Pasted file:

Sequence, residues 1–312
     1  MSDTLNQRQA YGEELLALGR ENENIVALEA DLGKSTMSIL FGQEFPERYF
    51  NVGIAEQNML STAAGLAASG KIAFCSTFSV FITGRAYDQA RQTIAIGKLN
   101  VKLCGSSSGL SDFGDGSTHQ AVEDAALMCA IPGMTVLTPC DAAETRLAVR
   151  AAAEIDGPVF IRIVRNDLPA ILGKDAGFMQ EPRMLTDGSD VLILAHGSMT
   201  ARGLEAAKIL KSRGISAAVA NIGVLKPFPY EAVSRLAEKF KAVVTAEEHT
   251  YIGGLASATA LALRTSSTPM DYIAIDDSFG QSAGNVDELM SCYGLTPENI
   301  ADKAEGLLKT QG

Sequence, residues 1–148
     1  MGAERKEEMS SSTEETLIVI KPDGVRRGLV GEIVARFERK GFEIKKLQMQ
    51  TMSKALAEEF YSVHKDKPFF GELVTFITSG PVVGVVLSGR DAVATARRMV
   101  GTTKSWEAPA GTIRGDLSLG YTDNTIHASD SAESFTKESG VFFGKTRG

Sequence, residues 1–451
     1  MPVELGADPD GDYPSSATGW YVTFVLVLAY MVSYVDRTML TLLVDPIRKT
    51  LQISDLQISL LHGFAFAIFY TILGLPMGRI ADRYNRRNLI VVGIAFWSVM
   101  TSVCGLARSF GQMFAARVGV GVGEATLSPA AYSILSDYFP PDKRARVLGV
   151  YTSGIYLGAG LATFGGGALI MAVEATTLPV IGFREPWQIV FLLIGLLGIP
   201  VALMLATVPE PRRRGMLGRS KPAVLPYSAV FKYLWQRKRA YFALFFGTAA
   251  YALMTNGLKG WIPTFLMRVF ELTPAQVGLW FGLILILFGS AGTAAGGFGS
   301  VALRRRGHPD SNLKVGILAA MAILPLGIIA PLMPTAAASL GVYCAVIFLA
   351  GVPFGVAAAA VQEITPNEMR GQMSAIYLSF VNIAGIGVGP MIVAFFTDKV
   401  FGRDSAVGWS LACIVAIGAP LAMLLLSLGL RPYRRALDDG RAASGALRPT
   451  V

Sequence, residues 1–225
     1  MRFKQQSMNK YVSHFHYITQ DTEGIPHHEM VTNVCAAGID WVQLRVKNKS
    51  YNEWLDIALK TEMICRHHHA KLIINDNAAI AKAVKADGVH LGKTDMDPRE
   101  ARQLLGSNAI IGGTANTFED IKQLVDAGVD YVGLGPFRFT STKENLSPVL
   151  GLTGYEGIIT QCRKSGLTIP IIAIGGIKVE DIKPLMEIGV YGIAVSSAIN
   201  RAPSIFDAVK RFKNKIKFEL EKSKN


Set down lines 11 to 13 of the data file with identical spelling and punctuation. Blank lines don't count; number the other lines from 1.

    51  TMSKALAEEF YSVHKDKPFF GELVTFITSG PVVGVVLSGR DAVATARRMV
   101  GTTKSWEAPA GTIRGDLSLG YTDNTIHASD SAESFTKESG VFFGKTRG

Sequence, residues 1–451